Workplace stress is a bigger problem than it used to be, and employers have good reason to be more concerned about it than in the past, says Barry Hall, principal at Buck Consultants.
Eighty-two percent of participants in a recent survey reported that their organization’s healthcare costs are significantly or moderately impacted by worker stress. In addition, respondents said they have seen a significant or moderate impact on absenteeism (79%) and on workplace safety (77%), according to the survey by Buck Consultants (www.buckconsultants.com), a Xerox Company.
Worker stress levels have increased within the past few years as a result of economy-related factors, such as layoffs, greater workloads, the need for some employees to work second jobs to make ends meet, and lower household incomes due to family members’ lost wages, Hall explains.
In response, many employers are taking steps to help their employees manage stress. In fact, Buck Consultants found that 66% of participants in its “Stress in the Workplace” survey have implemented four or more programs aimed at reducing stress, and 22% have at least eight programs in place.
According to the survey, the top 10 strategies being used by employers to address stress are:
An employee assistance program (78%)
- Flexible work schedules (63%)
- Work/life balance support programs (46%)
- Leadership training on worker stress (45%)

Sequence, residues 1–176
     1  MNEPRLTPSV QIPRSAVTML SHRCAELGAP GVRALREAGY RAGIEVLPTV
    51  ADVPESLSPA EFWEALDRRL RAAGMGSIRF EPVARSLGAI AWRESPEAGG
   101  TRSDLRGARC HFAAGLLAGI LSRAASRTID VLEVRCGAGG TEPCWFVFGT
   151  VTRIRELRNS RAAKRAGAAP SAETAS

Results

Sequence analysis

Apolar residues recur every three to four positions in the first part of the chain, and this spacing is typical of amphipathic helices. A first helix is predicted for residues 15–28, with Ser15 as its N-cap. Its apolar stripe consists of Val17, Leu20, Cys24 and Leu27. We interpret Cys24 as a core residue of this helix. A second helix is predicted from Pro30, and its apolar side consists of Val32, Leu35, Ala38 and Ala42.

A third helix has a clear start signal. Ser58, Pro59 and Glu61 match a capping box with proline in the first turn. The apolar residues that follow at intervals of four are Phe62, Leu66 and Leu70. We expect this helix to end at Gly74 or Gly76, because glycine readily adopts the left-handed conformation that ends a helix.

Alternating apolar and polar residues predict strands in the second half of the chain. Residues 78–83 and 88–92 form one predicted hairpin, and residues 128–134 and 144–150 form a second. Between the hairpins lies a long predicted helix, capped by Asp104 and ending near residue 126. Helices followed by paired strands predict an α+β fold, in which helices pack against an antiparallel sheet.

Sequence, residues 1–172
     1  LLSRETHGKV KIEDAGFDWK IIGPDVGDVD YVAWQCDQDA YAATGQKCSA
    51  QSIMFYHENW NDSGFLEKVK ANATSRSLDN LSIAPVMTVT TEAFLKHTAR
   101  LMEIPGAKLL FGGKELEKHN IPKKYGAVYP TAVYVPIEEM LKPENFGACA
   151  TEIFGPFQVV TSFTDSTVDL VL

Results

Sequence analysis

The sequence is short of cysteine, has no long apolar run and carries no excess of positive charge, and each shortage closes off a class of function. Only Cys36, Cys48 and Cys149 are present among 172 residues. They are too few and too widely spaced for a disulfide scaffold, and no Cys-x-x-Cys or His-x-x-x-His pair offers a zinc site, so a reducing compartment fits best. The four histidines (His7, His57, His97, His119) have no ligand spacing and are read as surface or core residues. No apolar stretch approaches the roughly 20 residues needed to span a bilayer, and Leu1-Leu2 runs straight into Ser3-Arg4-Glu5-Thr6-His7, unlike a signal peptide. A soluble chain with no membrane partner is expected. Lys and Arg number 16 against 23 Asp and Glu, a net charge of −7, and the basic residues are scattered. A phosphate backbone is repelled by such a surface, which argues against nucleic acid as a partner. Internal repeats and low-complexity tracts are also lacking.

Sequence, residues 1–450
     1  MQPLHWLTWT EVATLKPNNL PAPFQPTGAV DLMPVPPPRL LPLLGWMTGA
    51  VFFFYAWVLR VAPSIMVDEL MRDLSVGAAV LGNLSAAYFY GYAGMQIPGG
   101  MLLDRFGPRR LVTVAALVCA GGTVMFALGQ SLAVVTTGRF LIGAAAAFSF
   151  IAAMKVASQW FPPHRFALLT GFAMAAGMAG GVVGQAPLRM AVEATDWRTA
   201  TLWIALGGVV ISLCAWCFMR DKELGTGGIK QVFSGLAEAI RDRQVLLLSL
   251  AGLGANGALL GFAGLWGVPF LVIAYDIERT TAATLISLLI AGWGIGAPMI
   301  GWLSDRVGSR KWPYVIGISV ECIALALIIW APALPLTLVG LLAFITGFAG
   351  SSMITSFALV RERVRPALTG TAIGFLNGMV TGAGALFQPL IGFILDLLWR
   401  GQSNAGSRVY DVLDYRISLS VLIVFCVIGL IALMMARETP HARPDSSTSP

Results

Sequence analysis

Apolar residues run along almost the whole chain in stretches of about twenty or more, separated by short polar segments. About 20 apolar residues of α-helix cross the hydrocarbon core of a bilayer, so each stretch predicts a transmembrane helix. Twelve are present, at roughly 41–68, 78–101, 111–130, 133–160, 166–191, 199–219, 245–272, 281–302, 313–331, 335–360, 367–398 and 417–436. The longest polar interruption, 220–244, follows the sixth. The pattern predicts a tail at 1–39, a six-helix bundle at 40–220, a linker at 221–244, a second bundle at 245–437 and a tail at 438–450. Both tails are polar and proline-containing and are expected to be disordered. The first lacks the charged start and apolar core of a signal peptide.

- Online healthy lifestyle programs (45%)
- Onsite fitness centers (43%)
- Physical activity programs (38%)
- Stress awareness campaigns (35%)
- Financial management classes (30%)
- Personal health/lifestyle management coaching (29%)
Although offering an onsite fitness center requires a substantial investment, Hall notes that other strategies are not necessarily expensive, such as incorporating more flexibility into work scheduling and promoting underutilized employee assistance programs that the company is already paying for.
Implementing stress management programs makes good business sense because the return on investment (ROI) is high. “It is a business issue for employers,” Hall says.
Employers that help employees manage stress tend to experience greater employee productivity, higher morale, lower absenteeism, reduced healthcare costs, lower turnover, fewer accidents, and lower workers’ compensation costs, reports Hall.
“Employers increasingly realize they must address the rising tide of employee stress and not just to improve employees’ well-being,” says Hall. “Those who ignore stress will take a hit to their bottom line in higher costs and lower productivity.”
He says employers should not be “afraid” to acknowledge and address workplace stress. “I think there is still a lot of hesitancy to address it or to bring it up [with employees]. A lot of employers realize that they are a key contributor to it.”
Even if your employees have relatively stress-free jobs, they might still be dealing with stress caused by factors outside of work, he points out.
Although there is no “magic” number of stress management programs to implement, Hall encourages employers to use as many effective programs as possible, because a program or resource “that works for one employee might not work for another.”